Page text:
Jiean Ling, doctoral practitioner in sustainability at the University of Surrey, discusses why the water sector needs an asset planning strategy which considers long-term impacts on a holistic spectrum of sustainability.

Sustainability has been widely recognised as a paramount goal for long term societal and economic development. Sustainable water sanitation and supply is one of the Sustainable Development Goals proposed by the United Nations. Given the increasing number of challenges faced by water companies, it has become increasingly important to operationalise sustainability in long-term asset planning and investment.

The notion of sustainability is closely relevant to the urban water cycle. Water companies need to sustain the operation of their assets to constantly provide services to customers and comply with regulations. However, the acceleration of climate change and population growth makes a sustainable water cycle more challenging than ever.

More frequent occurrences of summer droughts and wetter winters mean that the weather is becoming more unpredictable and extreme. The influx of population in urban areas compounds the pressure to deliver sustainable water and wastewater services. All of these have accelerated the need for future asset investments that are resilient and sustainable.

The notion of sustainability is multi-disciplinary. It encapsulates the importance of environmental, social and economic aspects of any activity, which is commonly known as the ‘Three Pillars’ of Sustainability. Given the broadness of this model, sustainability should be firstly tailored to the organisational and decision context. We need to define and clarify what constitute sustainable asset investments based on the organisational and decision context. For example, carbon and energy efficiency is one the key environmental criteria because of the Net Zero target by 2030.

Biodiversity gain is also an increasingly important criterion to improve the ecological status of sites as the UK government published its Biodiversity Strategy 2020. In terms of social sustainability, the impacts and benefit of asset investment to the local community should also be considered. Economically, whole life costing is the key financial criterion to determine the viability of investment options. On top of that, resilience and efficiency are also highlighted in the current Asset Review Period (AMP7). The decision criteria are constantly evolving and expanding to accommodate current regulations and policies.

To evaluate those sustainability criteria, many digital and analytical tools have been used in asset management and planning such as Risk Assessments, Cost-Benefit Analysis, Environmental Impact Assessments and Financial forecasts etc. However, the integration of multiple tools into a single asset investment and decision-making system is practically challenging as those tools are not directly compatible with each other.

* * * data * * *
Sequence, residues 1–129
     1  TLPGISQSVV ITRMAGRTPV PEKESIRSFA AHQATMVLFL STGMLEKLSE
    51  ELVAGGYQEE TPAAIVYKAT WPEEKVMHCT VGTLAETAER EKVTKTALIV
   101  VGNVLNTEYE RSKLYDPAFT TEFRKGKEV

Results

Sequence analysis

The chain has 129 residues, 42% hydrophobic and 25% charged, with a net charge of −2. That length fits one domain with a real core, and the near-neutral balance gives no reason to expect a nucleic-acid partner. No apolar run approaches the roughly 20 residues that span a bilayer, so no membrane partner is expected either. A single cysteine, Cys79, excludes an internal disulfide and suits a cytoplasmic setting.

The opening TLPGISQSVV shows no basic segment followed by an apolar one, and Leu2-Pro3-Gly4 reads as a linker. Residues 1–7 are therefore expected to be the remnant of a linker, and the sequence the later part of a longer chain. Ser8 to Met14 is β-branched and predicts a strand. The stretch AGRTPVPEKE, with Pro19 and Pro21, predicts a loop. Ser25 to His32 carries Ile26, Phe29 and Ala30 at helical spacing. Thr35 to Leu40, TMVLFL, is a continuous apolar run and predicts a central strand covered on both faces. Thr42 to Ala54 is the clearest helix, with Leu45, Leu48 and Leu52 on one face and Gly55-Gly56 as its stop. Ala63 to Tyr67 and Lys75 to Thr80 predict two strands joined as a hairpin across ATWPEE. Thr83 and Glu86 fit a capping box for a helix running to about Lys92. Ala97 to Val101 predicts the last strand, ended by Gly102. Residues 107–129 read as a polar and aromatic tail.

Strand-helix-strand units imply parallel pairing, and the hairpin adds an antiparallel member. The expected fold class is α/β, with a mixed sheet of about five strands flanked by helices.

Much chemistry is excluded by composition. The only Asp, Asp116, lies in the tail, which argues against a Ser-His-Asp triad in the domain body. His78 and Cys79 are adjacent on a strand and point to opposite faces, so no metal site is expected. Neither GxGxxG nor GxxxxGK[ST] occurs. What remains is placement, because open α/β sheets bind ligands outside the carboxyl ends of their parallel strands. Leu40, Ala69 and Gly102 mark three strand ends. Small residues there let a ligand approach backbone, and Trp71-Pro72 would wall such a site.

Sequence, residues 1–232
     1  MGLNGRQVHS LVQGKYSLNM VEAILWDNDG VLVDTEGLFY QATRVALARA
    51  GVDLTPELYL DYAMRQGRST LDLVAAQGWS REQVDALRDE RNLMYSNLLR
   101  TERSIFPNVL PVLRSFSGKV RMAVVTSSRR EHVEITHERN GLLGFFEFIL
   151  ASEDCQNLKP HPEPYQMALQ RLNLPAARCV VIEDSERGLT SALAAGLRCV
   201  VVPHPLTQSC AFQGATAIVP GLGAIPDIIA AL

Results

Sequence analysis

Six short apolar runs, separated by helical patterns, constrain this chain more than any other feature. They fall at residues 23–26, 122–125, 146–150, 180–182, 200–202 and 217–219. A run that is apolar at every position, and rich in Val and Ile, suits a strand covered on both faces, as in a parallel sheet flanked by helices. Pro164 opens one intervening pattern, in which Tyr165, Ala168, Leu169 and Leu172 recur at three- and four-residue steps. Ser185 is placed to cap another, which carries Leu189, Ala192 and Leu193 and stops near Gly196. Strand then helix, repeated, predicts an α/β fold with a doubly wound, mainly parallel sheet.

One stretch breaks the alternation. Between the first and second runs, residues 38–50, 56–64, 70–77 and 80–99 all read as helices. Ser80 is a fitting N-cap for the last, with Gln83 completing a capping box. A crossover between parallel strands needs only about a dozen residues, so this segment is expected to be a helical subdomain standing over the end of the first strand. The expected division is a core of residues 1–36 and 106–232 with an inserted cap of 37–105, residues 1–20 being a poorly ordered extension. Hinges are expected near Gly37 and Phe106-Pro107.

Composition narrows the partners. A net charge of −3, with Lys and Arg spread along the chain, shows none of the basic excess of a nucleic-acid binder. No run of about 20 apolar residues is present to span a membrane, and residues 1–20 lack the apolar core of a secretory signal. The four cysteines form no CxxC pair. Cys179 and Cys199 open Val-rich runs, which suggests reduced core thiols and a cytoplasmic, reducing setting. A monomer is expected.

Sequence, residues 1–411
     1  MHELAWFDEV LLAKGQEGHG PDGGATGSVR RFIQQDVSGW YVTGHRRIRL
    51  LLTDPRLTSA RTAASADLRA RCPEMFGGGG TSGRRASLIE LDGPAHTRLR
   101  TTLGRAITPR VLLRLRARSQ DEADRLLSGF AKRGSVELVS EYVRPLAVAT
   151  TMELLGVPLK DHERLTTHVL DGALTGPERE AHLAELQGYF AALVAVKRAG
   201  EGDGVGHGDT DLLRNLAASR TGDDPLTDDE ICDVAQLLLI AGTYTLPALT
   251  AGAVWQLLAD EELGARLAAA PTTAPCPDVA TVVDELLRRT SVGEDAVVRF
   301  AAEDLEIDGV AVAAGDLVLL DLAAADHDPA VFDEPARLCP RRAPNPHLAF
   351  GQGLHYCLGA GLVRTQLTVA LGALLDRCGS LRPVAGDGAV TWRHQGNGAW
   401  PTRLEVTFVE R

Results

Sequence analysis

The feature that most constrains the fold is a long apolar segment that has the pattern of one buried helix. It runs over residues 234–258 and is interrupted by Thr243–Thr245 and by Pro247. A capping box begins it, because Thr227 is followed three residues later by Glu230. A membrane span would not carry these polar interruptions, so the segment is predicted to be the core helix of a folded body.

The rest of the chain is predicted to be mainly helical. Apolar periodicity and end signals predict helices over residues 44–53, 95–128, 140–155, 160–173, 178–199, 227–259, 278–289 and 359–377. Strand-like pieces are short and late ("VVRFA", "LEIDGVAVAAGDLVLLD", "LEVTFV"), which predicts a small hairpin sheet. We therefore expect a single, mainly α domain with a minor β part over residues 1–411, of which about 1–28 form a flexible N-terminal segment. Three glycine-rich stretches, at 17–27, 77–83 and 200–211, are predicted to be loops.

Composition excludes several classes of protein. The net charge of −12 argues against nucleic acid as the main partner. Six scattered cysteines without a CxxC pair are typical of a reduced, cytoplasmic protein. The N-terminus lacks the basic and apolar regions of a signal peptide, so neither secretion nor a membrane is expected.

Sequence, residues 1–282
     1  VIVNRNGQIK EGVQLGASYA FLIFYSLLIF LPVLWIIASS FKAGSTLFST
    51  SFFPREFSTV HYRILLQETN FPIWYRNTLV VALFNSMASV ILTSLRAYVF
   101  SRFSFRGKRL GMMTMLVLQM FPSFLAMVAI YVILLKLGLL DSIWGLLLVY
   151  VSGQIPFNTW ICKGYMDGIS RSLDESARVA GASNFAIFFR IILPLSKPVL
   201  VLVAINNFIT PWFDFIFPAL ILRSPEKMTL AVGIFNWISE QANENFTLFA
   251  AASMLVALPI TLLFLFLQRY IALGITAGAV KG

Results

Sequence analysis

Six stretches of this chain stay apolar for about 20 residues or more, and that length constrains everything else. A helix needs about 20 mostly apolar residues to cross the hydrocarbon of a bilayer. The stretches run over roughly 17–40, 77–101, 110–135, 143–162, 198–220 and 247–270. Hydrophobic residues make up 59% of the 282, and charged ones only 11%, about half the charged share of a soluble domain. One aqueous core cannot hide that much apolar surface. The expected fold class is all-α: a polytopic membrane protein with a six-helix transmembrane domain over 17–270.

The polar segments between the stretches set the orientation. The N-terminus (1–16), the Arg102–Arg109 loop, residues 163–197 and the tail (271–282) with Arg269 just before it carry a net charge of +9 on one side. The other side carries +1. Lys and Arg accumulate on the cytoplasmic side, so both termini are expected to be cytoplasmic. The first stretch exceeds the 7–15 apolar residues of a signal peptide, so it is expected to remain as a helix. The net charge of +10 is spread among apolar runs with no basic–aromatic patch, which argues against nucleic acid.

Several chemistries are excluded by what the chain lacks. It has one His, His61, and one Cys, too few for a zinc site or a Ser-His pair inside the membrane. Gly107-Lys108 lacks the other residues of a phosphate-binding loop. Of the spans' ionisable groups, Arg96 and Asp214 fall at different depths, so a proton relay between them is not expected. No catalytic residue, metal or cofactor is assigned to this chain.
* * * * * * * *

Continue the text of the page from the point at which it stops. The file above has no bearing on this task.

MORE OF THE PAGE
Multi-Criteria Analysis (MCA) is a collective term for a range of methods that provide integrated and holistic analytical support. It has been widely used for decisions and policy-making in various industries. The strength of MCA is that it offers a relatively simple and coherent process for decision-makers to analyse multiple, and sometimes, conflicting decision criteria. For examples, to invest in new treatment technologies, asset managers need to look at a holistic perspective of sustainability including energy and carbon efficiency, whole life costs, its operational performance, incremental public values and so on. MCA allows managers to aggregate all the relevant criteria using a specific mathematical model and identify the best overall solution to implement.

The use of integrated analytical tool should be supported by strong stakeholder engagement and communication. There are two reasons for this. First, engagement is necessary to enable the information sharing pathway for data collections and validation. In order to integrate all sustainability criteria into one centralised analytical system, we should also integrate ‘people and teams’ who are closely working with those criteria in the water companies.

Second, good stakeholder engagement often leads to a better quality of analytics. If every piece of knowledge or insight is a piece of puzzles, we need many to build a comprehensive perspective of sustainability. By sharing knowledge between people and team, we can offset the limits of memory and information capacity of individuals. This will often lead to a more balanced and well-informed asset investment decision.

In the post-Covid period, it is vital for water companies to adjust and realign their asset planning strategy with sustainability. Although the concept of sustainability is broad, it should be clearly defined and tailored to the organisational and decision context. Multi-Criteria Analysis provide great opportunities to perform integrated analytics to evaluate asset solutions based on the ‘Three-Pillars’ of sustainability, supported by stakeholder engagement.

By integrating the multiple pillars of sustainability into asset decisions, it becomes easier to identify the strength and weakness of each solution comparatively and inform investment decision from a holistic perspective. In the trend of asset digitalisation, integrated analytics can accelerate this transition and contribute to ‘smarter’ asset decisions.

Jiean Ling is a registered postgraduate research student of the Practitioner Doctorate in Sustainability programme at the University of Surrey in partnership with Thames Water Utilities.


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